Cromarty is the historic county town of the small, and scattered county of Cromartyshire, latterly merged with Ross-shire and now covered by the Highland Council. Perhaps because the county ceased to be a separate administrative entity in 1890, the town has not grown like so many others did, and remains little more than a small village clustered around a harbour. Lying at the end of the 'Black Isle', a long peninsula between the Cromarty Firth and the inner Moray Firth, Cromarty is only just over 20 miles from Inverness by road, but somehow feels much further when you finally reach it! It is, however, a pretty place, worth the journey, with a lot of history packed into the surrounding area.
There are only two classified roads to Cromarty, the main A832 which has come along the southern side of the Black Isle from the Tore Roundabout on the A9. Along the way it passes the larger town of Fortrose, before climbing over the hill to Cromarty itself. Following the northern shore of the peninsula, the B9163 is perhaps a more scenic approach to the town, but it reaches the A9 further north next to the Cromarty Bridge. For many years, Cromarty Harbour had a car ferry service across the narrow channel to Nigg on the far side. However, problems with boats and the harbour have meant that the service has been suspended for a number of years, and a passenger only service provided at times.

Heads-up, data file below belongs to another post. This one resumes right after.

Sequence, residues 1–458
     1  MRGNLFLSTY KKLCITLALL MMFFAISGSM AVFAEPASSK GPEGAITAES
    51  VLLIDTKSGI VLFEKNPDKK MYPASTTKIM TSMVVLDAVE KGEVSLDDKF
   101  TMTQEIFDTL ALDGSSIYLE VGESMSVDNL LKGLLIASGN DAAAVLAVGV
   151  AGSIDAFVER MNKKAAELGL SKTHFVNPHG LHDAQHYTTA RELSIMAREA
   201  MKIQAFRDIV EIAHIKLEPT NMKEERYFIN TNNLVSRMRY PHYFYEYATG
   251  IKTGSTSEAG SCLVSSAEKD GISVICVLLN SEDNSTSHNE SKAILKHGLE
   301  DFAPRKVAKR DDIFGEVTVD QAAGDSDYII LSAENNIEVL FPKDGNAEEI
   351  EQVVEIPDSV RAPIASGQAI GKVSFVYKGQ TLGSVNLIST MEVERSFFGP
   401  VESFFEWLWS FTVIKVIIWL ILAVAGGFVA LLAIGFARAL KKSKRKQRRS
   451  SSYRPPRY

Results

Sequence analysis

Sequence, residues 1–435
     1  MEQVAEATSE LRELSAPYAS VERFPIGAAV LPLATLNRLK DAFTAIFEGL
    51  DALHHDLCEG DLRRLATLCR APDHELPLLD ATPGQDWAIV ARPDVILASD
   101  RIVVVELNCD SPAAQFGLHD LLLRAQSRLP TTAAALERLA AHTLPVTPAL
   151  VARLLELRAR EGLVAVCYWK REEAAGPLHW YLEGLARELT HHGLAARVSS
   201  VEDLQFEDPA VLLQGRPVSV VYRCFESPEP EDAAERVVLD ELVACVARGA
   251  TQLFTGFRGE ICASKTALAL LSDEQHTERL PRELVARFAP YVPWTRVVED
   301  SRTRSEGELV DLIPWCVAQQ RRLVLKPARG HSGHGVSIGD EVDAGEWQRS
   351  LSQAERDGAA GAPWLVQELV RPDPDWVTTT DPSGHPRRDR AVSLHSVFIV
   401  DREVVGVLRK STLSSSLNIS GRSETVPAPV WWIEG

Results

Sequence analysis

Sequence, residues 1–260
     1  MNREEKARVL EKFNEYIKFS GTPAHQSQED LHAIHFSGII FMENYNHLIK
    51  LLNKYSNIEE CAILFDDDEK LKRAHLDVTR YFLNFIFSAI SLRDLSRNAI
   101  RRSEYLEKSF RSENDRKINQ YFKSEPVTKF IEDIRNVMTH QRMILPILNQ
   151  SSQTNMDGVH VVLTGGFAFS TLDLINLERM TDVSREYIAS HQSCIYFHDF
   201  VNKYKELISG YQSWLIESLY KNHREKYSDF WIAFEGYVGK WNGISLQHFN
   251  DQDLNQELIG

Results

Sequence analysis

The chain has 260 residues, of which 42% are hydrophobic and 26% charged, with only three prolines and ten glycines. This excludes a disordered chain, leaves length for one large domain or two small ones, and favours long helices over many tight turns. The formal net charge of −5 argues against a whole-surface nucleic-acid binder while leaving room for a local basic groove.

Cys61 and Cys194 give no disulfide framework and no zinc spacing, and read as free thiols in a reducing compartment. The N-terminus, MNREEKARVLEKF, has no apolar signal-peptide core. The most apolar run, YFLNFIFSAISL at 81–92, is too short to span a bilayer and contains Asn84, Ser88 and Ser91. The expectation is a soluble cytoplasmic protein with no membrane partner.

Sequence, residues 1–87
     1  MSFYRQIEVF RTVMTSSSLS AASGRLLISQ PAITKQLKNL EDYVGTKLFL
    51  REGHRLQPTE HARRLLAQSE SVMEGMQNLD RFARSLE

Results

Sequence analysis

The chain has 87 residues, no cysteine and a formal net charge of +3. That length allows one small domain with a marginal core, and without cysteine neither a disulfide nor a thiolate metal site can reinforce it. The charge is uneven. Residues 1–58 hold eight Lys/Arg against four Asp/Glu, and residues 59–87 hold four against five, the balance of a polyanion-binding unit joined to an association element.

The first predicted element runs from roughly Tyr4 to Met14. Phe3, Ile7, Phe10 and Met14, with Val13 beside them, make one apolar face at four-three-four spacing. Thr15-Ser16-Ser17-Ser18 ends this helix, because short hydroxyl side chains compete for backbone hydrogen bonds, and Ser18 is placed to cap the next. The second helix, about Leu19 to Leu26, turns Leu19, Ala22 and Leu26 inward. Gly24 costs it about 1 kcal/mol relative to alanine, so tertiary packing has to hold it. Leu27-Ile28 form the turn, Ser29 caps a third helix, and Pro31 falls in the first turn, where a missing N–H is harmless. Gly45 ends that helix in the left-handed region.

When the roads were first classified, the Black Isle fell within Zone 8, however when the A9 was extended north, it became Zone 9, leading to the routes being renumbered. In line with others in the area, the original B863 became the B9163, but the A833 rather than gain a 9 number became an extension of the A832.
|Fortrose, Munlochy, Inverness (A9)|
|Balblair, Conon Bridge, Culbokie (B9169)|
|Fortrose, Munlochy, Inverness (A88)||Now A832|
|Balblair, Conon Bridge||Now B9163|
|Nigg||currently passenger only service|